For the N170, there was substantial evidence that the Neuroscan SNR was larger than Flex (6.04 vs. 5.12; Table 3). However, there was no difference in the number of rejected epochs between the two systems.
Figure 6 contrasts Neuroscan and Flex N170 ERP waveforms over the left (P7) and right (P8) hemispheres for each stimulus type with ICCs found in their respective panels. As none of the 95% confidence intervals included zero, we considered all ICCs to be significant. Right hemisphere waveforms (P8) exhibited a higher degree of similarity than left hemisphere waveforms (P7).
The N170 peak
We performed a Bayesian t-test between the N170 peaks in the upright face condition at channel P8 (Fig. 6B). Results indicated very strong evidence that the N170 peaks measured by the two systems were different, BF10 = 35.88. We also performed a Bayesian t-test between the N170 peaks in the upright face condition at channel P7 (Fig. 6A). Results also indicated strong evidence that the N170 peaks measured by the two systems were different, BF10 = 22.59. Table 6 for descriptive statistics.
|P7||Faces||Amplitude||Neuroscan||−1.51 [−2.40 to −0.61]||−2.84 [−3.79 to −1.89]|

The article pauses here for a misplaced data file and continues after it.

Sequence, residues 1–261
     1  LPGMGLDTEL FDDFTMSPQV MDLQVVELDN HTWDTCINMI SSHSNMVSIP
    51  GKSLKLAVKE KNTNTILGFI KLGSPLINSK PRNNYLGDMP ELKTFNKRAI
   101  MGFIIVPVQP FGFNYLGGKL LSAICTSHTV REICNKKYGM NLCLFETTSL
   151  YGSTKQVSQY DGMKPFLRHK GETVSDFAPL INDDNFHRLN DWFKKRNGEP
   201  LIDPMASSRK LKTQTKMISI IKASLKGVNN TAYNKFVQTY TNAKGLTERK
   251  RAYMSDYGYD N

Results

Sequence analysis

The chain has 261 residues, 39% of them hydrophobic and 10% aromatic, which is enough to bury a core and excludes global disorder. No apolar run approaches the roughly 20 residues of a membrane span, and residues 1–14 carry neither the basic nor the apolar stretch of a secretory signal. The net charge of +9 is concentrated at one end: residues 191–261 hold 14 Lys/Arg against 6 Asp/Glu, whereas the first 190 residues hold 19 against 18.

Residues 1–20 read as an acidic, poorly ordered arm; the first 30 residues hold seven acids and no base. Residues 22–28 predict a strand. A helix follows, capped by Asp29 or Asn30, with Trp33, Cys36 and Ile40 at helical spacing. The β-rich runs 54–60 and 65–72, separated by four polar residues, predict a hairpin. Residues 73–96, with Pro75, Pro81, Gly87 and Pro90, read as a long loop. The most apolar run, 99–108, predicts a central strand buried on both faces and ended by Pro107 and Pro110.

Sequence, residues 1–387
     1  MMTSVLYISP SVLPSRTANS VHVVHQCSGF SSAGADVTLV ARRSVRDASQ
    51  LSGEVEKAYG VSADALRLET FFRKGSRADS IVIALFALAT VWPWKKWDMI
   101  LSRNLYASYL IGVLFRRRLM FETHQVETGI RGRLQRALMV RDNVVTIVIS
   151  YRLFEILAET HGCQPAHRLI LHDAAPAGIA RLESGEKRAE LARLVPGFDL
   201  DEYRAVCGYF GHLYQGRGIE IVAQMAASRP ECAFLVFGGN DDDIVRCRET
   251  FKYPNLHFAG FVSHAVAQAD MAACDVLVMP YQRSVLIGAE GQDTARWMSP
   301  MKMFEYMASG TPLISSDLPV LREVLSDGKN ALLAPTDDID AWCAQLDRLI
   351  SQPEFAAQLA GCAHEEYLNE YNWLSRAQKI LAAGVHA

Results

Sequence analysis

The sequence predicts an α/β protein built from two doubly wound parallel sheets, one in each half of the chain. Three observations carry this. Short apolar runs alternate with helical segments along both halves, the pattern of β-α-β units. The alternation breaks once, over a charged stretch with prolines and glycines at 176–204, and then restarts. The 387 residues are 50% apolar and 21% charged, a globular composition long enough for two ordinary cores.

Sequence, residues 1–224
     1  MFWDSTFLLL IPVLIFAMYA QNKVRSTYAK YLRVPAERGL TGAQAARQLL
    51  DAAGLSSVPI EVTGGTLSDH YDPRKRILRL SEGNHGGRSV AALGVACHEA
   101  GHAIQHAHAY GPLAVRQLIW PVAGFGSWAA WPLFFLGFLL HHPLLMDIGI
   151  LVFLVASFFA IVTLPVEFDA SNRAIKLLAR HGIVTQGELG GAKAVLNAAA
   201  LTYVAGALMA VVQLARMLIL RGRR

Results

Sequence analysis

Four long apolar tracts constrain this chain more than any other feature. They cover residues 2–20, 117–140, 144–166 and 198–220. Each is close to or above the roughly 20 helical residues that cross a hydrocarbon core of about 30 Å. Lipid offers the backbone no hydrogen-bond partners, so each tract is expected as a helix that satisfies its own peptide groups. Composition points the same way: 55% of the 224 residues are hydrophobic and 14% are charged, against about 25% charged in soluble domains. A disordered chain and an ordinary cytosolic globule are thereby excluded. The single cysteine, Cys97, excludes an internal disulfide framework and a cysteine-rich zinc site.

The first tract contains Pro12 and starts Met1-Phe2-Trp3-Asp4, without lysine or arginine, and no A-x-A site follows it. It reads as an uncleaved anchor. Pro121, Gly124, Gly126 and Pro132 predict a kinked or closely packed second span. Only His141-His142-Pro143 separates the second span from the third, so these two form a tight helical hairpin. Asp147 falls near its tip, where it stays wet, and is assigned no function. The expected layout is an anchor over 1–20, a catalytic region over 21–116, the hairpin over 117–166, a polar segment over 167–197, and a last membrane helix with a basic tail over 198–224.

|Flex||−2.82 [−3.93 to −1.70]||−3.69 [−5.02 to −2.37]|
|Latency||Neuroscan||182 [177–188]||191 [185–196]|
|Flex||181 [172–190]||188 [178–198]|
|Watches||Amplitude||Neuroscan||0.58 [−0.38 to 1.55]||0.20 [−0.83 to 1.24]|
|Flex||−1.38 [−2.55 to −0.22]||−1.57 [−2.83 to −0.31]|
|Latency||Neuroscan||178 [166–189]||178 [167–190]|
|Flex||176 [162–189]||182 [170–194]|
|P8||Faces||Amplitude||Neuroscan||−2.37 [−3.78 to −0.95]||−3.43 [−4.77 to −2.09]|
|Flex||−3.93 [−5.65 to −2.21]||−4.56 [−6.30 to −2.81]|
|Latency||Neuroscan||181 [176–186]||188 [183–193]|
|Flex||178 [173–184]||184 [179–190]|
|Watches||Amplitude||Neuroscan||1.40[−0.17 to 2.97]||1.43 [−0.25 to 3.10]|
|Flex||−0.54 [−2.32 to 1.24]||−0.16 [−1.84 to 1.51]|
|Latency||Neuroscan||191 [186–197]||190 [184–196]|
|Flex||191 [183–198]||192 [184–200]|
Signal-to-noise ratio values for each of the N170 stimulus conditions at P7 and P8 are displayed in Table 5 and Fig. 7 displays the topographic distributions of N170 peaks across the stimulus conditions. Again, topographies of the two systems were moderately correlated (r = 0.56, p < 0.001).